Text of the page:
Thursday, April 11, 2024

AI Physician

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A Novel “AI Physician” Forecasts Hospital Readmission and Additional Health Results

A computer software with artificial intelligence (AI) can reliably assess a patient’s risk of mortality, duration of hospital stay, and other care-related characteristics by reading their physician’s notes. The program, which was created by a group of researchers from NYU Grossman School of Medicine, is presently being used at hospitals affiliated with NYU Langone Health to forecast the likelihood that a patient who is released may need to return within a month.

Researchers have long studied computer algorithms designed to enhance medical treatment; some of these algorithms have been demonstrated to produce useful clinical forecasts. Few, though, are in use because doctors usually write in imaginative, personalized language that mirrors human thought processes, but computers are better at processing information presented in tidy tables.

Researchers claim that laborious data restructuring has been a barrier, but large language models (LLMs), a novel kind of artificial intelligence, are able to “learn” from text without the requirement for specifically prepared data.

The research team created an LLM known as NYUTron that can be taught using unmodified text from electronic health data to generate helpful judgments about patient health condition. The work was published online in the journal Nature on June 7. The program’s ability to forecast 80% of readmissions was demonstrated by the findings, which represents an improvement of around 5% over a normal, non-LLM computer model that necessitated reformatting medical data.

“Our results demonstrate the possibility of utilizing extensive language models to advise doctors on patient care,” stated Lavender Jiang, BSc, the study’s primary author and a doctorate candidate at the NYU Center for Data Science. “In order to address or even prevent readmissions, programs like NYUTron can notify healthcare providers in real time about factors that may lead to them and other concerns.”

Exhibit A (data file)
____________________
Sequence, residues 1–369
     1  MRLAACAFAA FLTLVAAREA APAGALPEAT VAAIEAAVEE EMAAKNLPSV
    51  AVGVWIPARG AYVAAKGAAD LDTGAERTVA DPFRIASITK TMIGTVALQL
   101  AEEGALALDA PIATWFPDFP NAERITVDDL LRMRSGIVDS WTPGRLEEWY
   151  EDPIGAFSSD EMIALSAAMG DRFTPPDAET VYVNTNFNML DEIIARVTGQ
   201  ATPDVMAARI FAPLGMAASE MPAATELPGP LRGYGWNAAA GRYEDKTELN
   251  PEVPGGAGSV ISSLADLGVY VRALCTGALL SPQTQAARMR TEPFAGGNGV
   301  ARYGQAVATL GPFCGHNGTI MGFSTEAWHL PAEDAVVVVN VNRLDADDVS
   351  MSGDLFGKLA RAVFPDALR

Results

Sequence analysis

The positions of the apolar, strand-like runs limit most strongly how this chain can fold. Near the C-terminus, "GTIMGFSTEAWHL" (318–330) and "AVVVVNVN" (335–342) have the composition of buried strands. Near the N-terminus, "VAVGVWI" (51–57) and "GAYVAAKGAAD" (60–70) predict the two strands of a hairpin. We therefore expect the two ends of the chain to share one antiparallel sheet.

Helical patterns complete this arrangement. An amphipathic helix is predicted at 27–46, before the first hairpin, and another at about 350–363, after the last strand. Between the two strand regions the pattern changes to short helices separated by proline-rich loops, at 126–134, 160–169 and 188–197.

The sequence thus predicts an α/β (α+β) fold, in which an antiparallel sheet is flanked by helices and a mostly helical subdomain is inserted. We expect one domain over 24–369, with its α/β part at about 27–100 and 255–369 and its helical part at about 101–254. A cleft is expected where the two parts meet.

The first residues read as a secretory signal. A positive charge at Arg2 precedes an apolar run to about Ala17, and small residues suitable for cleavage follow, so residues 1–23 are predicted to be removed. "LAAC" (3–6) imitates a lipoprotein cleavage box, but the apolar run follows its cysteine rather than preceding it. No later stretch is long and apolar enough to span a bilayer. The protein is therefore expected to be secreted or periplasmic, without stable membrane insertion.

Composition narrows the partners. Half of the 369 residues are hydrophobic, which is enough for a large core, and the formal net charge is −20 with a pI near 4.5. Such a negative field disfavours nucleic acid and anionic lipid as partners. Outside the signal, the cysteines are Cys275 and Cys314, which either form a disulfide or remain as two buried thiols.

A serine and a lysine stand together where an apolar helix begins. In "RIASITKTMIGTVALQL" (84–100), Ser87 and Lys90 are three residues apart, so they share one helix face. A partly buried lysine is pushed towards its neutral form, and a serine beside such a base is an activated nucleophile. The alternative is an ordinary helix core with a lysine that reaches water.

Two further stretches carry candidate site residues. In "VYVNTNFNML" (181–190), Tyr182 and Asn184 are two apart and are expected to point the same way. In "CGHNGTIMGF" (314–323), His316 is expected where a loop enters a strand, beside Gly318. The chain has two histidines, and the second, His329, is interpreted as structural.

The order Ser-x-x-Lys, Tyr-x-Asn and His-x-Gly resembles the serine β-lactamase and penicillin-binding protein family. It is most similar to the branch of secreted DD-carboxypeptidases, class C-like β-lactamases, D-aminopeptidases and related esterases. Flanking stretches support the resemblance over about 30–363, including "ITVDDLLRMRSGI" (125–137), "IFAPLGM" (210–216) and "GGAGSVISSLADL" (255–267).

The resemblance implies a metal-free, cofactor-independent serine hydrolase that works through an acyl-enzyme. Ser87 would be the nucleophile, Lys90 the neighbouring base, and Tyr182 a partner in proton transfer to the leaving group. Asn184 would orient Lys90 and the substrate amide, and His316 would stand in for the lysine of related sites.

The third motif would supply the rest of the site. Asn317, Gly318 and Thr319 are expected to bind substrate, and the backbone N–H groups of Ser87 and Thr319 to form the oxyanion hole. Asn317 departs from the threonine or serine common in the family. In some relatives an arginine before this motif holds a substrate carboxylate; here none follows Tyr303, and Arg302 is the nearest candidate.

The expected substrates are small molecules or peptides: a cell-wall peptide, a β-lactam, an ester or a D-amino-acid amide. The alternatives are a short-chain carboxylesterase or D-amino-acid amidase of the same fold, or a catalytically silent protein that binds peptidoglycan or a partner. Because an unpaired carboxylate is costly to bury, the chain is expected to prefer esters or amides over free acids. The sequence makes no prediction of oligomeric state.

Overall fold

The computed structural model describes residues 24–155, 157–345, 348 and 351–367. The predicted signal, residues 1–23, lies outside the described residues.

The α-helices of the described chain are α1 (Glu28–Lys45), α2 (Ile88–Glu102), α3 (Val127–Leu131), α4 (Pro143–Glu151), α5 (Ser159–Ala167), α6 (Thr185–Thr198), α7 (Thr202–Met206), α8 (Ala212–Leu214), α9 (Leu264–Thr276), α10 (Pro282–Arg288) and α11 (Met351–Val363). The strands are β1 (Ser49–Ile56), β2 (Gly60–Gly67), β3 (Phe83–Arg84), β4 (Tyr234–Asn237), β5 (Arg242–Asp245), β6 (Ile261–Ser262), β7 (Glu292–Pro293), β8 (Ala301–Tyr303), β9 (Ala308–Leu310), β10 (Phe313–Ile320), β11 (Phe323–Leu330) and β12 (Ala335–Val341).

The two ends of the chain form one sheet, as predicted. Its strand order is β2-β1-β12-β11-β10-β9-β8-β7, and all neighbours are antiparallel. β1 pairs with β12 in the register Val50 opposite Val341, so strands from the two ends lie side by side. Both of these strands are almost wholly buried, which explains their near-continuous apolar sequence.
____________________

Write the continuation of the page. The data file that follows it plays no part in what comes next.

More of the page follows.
Jiang continues, “The technology may expedite workflow and free up more time for doctors to interact with patients by automating routine tasks.”

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Using sophisticated computer algorithms, LLMs determine which word would be most appropriate to complete a phrase by considering the likelihood that actual people would use the term in question. According to Jiang, the computer’s estimations are increasingly accurate over time the more data it is fed to “train” it to detect certain word patterns.

The researchers used millions of clinical notes from the electronic health records of 336,000 men and women who had gotten care at NYU Langone hospital system between January 2011 and May 2020 to train NYUTron for their study. Any medical document authored by a physician, including radiological reports, patient progress notes, and discharge instructions, was included in the resultant 4.1 billion word language “cloud.” Interestingly, medical professionals did not use standardized language, and the algorithm was able to decipher writer-specific abbreviations.

The results showed that NYUTron accurately assessed 79 percent of patients’ actual duration of stay (a 12 percent improvement over the usual model) and correctly identified 85 percent of those who died in the hospital (a 7 percent improvement over normal techniques). The comorbidity index, which measures the probability of coexisting diseases with a main ailment, and the possibility of an insurance refusal were also successfully evaluated by the instrument.

Eric K. Oermann, MD, a neurosurgeon and research senior author, said, “These results demonstrate that large language models make the development of’smart hospitals’ not only a possibility, but a reality.” “NYUTron’s predictive models can be easily built and quickly implemented through the healthcare system because it reads data directly from the electronic health record.”

Future research, according to Dr. Oermann, an assistant professor in NYU Langone’s departments of neurosurgery and radiology, may examine the model’s potential uses in extracting billing codes, predicting infection risk, and determining which prescription to purchase.

He issues a warning, saying that NYUTron should not be used in place of provider judgment that is specific to each patient and is only meant to be a support tool for healthcare professionals.

The National Institutes of Health grants P30CA016087 and R01CA226527 funded this research. An additional grant of W.M. Keck Foundation Medical Research was given.

Dr. Oermann works as a consultant for Sofinnova Partners, a venture financing company that focuses on the advancement of medicines, biotechnologies, and sustainability. In addition, he has stock in Artisight Inc., a provider of software for healthcare organizations, and his spouse works at Mirati Therapeutics, a firm that creates cancer treatments. These agreements’ terms and conditions are being handled in compliance with NYU Langone Health’s policies and procedures.

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